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Breaking Up With Your Book

“It just wasn’t working out.”

I’m sure most everyone can relate to this popular phrase.  There could even be someone reading this who is experiencing it right now.  But if you can’t relate, then consider yourself lucky to be one of the very few (see below) who’ve managed to avoid the ending of a relationship.

For those of us who have been there, remember the forensic microscope we put ourselves under in an attempt to figure out just what went wrong? Sometimes it’s pretty easy (“sleeping with my best friend was kind of a deal breaker”), but other times one of the two (sometimes both) parties involved are left scratching their head. Relationships are a complex business, governed by volatile emotions, which commonly elude predictability, so it should be no surprise that failure is more than probable…but often-times expected.  In fact a recent poll of married people reported that the average number of individuals they dated before eventually tying the knot was 24. Another way to look at it is 24 failed relationships before claiming success. Then factor in this statistic…50% of marriages end in divorce. It all paints a rather dismal picture, doesn’t it?

That’s all very fascinating…and a little depressing…but what does any of it have to do with writing?

How many books have you started working on that ended up being abandoned – for whatever reason -- before they were finished? One? Two? Twenty-four? You could make the argument that writing a book is very similar to a romantic relationship. For example, an idea pops into your head…not unlike like eyes meeting across a crowded room, quickly followed by a knowing smile…and soon it’s followed by a rush of excitement. As you explore the possibilities it becomes all you can think about. The link between the two of you is passionate, electric, and intoxicating. You welcome each new day because it offers undiscovered ways to deepen your bond. 

Then things change. It could happen right away, or slowly over a longer stretch of time, but little by little the romance begins to fade. At first you wonder if the lull is only a phase (it’s not like us writers experience that at all) or is the connection slipping away entirely. There comes a point where the relationship feels more like work than anything else and the amount of enjoyment you derive from it is disproportionate to the effort required to sustain it.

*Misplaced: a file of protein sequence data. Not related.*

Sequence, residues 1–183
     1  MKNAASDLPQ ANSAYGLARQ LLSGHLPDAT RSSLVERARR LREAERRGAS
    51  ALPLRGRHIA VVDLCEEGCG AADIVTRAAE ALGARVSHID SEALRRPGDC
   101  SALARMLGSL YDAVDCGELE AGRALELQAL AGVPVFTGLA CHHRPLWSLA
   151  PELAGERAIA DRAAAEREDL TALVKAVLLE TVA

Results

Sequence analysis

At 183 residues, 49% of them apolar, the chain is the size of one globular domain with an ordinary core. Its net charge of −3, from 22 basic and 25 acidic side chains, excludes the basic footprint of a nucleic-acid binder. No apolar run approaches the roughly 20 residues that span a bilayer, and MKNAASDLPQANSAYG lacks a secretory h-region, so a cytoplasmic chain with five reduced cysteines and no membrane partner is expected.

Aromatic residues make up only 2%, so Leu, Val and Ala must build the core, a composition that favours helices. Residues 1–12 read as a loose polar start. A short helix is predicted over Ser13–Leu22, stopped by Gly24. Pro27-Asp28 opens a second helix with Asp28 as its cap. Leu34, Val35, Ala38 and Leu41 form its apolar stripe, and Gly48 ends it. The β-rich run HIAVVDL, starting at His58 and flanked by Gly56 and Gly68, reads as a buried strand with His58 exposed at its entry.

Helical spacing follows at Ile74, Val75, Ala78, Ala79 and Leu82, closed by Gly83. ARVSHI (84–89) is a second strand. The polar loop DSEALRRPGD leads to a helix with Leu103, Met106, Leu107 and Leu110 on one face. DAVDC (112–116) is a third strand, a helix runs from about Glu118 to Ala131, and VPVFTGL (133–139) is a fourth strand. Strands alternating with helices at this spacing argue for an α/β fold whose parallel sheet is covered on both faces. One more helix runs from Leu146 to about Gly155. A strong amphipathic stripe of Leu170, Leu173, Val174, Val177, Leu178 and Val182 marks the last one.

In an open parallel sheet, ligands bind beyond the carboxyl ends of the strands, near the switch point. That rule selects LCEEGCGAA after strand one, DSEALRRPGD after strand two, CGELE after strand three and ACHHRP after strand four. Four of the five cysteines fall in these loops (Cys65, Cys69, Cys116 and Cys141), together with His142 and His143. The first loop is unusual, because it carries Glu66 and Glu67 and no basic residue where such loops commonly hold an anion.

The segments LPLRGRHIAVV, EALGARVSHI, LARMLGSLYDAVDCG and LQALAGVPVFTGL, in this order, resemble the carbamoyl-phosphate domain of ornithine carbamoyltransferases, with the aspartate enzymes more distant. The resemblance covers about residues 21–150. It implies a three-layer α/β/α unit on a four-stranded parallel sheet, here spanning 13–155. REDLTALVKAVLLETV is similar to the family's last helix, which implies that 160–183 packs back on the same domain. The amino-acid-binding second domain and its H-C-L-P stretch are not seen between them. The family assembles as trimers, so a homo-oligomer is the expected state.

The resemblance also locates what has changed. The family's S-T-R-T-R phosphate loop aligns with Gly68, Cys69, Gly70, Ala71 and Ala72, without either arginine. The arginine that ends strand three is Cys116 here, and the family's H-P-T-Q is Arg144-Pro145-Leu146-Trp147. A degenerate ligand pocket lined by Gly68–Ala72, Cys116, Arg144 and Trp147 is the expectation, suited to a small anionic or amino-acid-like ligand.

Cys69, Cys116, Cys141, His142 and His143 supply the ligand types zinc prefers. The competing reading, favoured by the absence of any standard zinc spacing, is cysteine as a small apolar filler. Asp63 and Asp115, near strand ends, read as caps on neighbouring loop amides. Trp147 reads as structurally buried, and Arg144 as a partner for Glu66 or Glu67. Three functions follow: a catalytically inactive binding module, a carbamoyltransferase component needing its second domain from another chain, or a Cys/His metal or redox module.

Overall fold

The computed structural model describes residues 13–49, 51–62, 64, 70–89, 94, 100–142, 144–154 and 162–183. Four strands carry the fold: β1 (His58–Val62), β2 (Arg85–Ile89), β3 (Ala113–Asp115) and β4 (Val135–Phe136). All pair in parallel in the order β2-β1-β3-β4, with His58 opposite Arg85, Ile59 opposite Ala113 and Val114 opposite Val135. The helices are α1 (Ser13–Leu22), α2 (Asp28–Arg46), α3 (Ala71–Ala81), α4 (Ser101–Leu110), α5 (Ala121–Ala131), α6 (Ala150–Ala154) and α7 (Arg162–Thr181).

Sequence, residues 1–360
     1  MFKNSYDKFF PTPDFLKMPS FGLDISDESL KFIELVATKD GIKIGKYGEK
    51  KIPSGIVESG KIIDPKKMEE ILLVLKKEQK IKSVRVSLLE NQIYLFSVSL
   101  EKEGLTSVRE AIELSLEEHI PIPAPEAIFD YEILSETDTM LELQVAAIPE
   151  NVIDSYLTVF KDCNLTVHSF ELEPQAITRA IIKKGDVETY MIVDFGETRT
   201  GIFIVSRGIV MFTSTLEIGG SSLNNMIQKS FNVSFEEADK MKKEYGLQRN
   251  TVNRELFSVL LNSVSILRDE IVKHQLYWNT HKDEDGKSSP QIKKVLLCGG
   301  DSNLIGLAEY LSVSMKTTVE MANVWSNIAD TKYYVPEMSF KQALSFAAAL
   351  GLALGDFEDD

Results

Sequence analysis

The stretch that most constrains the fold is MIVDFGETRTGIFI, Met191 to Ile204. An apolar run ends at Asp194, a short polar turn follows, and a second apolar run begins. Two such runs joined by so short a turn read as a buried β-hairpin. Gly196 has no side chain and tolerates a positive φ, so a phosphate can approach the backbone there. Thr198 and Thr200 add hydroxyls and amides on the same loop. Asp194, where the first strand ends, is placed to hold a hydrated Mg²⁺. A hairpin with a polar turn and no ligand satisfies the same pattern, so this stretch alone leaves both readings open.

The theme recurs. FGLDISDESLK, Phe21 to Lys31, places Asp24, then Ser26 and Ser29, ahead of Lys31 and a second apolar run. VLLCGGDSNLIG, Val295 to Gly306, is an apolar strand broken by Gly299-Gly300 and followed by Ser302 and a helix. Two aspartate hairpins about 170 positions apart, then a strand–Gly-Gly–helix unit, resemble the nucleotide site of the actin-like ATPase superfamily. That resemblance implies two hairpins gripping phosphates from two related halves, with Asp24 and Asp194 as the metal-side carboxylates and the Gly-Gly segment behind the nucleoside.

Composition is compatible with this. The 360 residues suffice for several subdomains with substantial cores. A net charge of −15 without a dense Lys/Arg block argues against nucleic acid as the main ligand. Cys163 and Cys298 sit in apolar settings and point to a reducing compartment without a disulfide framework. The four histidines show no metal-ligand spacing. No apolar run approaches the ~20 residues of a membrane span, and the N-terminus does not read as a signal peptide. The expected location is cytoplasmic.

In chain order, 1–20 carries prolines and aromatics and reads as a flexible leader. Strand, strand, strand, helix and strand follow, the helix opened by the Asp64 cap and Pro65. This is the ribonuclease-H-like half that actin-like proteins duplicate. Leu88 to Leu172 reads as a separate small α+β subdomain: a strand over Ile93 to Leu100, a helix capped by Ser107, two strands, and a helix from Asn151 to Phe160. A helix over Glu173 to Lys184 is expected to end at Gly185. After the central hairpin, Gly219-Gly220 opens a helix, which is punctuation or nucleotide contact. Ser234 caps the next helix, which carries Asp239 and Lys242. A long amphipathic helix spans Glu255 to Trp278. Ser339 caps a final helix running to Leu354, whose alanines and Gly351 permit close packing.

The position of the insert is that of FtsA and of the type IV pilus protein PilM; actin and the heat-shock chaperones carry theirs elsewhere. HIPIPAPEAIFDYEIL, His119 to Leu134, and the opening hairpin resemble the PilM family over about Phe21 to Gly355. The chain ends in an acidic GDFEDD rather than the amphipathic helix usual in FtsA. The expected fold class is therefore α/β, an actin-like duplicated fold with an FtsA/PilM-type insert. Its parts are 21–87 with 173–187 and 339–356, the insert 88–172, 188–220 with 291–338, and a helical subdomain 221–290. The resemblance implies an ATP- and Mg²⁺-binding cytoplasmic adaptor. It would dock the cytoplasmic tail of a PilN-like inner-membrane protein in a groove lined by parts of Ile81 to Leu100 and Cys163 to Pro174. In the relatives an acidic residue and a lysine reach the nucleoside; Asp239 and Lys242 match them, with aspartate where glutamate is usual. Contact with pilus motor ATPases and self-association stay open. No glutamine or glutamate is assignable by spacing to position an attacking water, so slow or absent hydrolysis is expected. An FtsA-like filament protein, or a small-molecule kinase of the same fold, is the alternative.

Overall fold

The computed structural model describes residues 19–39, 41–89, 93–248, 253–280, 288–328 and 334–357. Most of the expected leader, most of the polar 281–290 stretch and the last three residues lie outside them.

That’s when something else catches your eye. Another story idea…and this one is REALLY exciting. It’s not long before this new idea is all you can think about and the current story languishes on your hard drive. This internal tug-of-war festers inside of you until one day you wake up and make a hard decision…one that’s best for everybody…it’s time to break up with your book.

But what went wrong with that first book? All the signs were there at the beginning pointing towards a long and fruitful relationship…just as it is now with this new idea…so what’s different this time around? What makes this new idea “THE ONE”…when the previous idea felt the same way at first?

I’ve already mentioned how relationships are unpredictable, so the person who figures out how to foretell whether or not a coupling will endure the test of time will become a Gazillionaire…or a reality TV star…or both. Writing a book is no different. Just because you fall in love with an idea today doesn’t mean it’s destined for the NY Times Bestseller list…or publication…or even completion. Some of us writers “date” a lot, constantly bogged down with false starts and premises that don’t pan out.  Others, like myself, go to the other extreme and are more cautious, spending a lot of time researching before committing to a concept.   

In the end, all we can do is keep going on book dates and hoping for the best. Because if you place your bet on a single idea/book…the odds are against you.


  1. I have a ton of unfinished manuscripts and I feel bad about almost all of them. I may go back and finish a few, if I ever have time and if they ever fit in the production schedule.

  2. Hi DL - yup - I get part through posts .. and then move on - now must go back and tidy them up and start blogging again. I guess it's the same as books - we need time out occasionally .. but I'd dearly like to take more risks and finish things off - good luck with the new book, stories etc ... cheers Hilary